Risk weights

Making Finance Safe

Walter Wriston, Citicorp’s chief for nearly two decades until 1984, used to argue that banks’ didn’t need much, if any, capital. The global financial crisis put that view to rest. Today, we know that if banks are going to be able to absorb large unforeseen losses that would otherwise threaten financial stability, they need to finance themselves with equity, not just debt.

But how much capital do banks need to have to ensure the financial system is safe? Even after the financial crisis, answers to this question range widely, making it the single most contentious source of debate among bankers, regulators, and academics...

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Capital regulation: it’s complicated!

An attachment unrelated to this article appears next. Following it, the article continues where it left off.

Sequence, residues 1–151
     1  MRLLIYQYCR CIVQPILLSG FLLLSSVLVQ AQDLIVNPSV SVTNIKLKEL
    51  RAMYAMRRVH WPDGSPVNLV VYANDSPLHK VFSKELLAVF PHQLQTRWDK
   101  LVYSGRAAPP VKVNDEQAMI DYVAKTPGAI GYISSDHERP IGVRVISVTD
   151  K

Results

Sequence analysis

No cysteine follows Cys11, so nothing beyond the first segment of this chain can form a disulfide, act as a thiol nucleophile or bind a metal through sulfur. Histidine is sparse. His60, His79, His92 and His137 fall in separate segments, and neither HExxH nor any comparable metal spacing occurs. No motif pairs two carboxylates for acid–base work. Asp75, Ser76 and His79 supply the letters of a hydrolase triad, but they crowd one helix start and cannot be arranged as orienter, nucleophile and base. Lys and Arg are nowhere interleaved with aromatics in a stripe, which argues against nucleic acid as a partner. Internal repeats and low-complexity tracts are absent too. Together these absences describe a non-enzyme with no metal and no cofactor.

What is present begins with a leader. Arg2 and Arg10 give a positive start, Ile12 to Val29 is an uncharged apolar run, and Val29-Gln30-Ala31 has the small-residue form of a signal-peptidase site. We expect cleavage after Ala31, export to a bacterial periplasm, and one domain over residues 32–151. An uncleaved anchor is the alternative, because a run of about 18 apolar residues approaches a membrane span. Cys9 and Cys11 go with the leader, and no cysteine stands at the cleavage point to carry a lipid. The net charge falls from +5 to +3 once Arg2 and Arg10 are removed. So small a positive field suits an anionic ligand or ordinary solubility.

Many people criticize the way in which bank capital regulation is done.  They know that banks can and do game complicated regulatory rules, a form of regulatory arbitrage. One focus of their criticism is risk weighting – the idea that banks should hold capital commensurate with the riskiness of their assets.  The more risky the loans and securities a bank holds, the bigger the capital buffers should be to ensure that banks and the banking system are robust. 

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